Thanks to proposed new “voluntary guidelines” on what food companies can market to children proposed by a government interagency working group comprised of four federal agencies, Americans could see the economy lose another 74,000 jobs. At a time when the country’s unemployment rate is 9.2% with more than 14 million people out of work, the “voluntary guidelines” of the Interagency Working Group (IWG) Proposal on Food Marketed to Children which are in fact tantamount to mandatory regulations sans judicial review, are job-killers and are not welcome news.
There is no scientific evidence that proves that food ads targeted to kids are the cause of our nation’s escalating childhood obesity problem. Nevertheless, Congress commissioned the Federal Trade Commission, the Food and Drug Administration, U.S. Department of Agriculture and Centers for Disease Control to “conduct a study and develop recommendations for standards for the marketing of food” to children under 17. In a blatant example of government overreach, the IWG issued “voluntary guidelines” for the food and beverage industry to follow “voluntarily” when marketing products to kids. If certain products manufactured by food companies don’t meet these guidelines, the government would strongly urge companies (code for prohibit) to stop advertising these products to kids through television, the internet, packaging, movies, in –store displays and even schools.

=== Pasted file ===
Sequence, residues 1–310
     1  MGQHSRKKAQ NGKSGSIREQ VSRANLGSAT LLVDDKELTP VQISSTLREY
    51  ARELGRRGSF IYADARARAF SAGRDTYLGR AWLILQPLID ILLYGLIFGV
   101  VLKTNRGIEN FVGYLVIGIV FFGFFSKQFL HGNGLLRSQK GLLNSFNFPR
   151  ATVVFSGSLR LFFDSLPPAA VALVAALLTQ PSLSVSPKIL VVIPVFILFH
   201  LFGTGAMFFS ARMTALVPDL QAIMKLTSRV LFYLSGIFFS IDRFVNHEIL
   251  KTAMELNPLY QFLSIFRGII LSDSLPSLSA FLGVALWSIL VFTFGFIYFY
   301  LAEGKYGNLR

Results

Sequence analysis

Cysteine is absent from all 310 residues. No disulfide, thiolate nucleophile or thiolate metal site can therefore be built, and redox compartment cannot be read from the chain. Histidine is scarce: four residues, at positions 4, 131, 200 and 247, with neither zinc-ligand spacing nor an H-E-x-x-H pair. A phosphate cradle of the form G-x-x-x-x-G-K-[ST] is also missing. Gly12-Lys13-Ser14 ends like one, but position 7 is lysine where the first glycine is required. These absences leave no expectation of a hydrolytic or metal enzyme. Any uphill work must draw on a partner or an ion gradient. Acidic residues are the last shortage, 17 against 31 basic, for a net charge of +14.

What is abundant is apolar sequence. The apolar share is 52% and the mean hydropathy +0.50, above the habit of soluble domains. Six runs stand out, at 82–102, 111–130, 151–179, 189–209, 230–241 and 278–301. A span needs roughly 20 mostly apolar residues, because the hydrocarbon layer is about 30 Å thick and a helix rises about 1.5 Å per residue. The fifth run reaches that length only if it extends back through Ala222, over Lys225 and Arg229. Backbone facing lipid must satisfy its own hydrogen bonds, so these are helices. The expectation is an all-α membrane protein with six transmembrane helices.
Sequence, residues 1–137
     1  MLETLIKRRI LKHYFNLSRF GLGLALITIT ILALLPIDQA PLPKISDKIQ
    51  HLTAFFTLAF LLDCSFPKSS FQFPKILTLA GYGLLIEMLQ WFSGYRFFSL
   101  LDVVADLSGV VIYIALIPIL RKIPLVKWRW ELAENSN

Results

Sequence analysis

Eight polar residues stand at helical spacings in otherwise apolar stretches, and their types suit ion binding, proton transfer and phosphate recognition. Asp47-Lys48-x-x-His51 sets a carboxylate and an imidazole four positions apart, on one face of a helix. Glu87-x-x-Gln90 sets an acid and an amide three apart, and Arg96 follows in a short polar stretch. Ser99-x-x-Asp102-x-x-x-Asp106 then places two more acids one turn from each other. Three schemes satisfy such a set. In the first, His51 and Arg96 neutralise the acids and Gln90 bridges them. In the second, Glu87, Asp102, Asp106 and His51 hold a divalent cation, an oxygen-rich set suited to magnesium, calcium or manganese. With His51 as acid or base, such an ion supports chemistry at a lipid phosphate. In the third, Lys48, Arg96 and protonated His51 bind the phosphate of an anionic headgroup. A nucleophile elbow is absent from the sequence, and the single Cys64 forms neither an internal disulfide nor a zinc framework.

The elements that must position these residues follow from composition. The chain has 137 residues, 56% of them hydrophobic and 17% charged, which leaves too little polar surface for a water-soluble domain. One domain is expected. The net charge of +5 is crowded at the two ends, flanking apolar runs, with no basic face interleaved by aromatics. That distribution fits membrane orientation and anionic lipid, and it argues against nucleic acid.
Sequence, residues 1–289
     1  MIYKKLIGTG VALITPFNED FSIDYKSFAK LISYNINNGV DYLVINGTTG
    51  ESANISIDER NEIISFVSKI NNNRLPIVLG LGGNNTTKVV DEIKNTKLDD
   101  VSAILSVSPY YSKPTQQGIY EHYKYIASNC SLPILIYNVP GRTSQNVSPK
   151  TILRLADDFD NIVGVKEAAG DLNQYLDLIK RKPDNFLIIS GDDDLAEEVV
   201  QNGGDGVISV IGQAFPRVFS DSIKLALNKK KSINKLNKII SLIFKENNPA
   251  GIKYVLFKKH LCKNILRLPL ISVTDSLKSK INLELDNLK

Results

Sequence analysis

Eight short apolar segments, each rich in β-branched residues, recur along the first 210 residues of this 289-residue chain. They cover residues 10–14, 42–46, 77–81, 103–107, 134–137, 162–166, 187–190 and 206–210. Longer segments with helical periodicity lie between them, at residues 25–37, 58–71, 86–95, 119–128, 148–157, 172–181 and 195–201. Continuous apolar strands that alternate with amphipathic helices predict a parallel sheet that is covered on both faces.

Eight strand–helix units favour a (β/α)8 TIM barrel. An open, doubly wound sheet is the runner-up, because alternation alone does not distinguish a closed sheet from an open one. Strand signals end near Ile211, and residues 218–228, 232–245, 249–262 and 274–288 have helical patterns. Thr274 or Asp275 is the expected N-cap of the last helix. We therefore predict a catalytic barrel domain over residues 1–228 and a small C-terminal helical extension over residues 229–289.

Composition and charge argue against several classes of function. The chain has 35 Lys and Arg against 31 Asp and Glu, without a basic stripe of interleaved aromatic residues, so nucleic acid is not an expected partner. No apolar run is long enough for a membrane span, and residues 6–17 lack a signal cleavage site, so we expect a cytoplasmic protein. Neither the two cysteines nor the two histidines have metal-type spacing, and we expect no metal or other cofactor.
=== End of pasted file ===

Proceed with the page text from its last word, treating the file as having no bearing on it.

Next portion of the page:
Innovative Healthcare Solutions assessed the potential economic impact of the proposed guidelines and concluded a 20% reduction in food and beverage advertising dollars would result in a “ripple effect in the manufacturing, retail and media industries” leading to the elimination of 74,000 jobs in 2011. It’s simple math. When food companies can’t advertise products like Kix, Cheerios, Chex and Wheaties cereal, and even some soups and yogurts, sales decline, revenue goes down and voila, companies are forced to cut jobs.
As Americans suffer through the worst economic downturn since the Great Depression, our nation’s government should not hobble the country’s recovery further with proposed guidelines based on intangible emotions rather than scientific facts.
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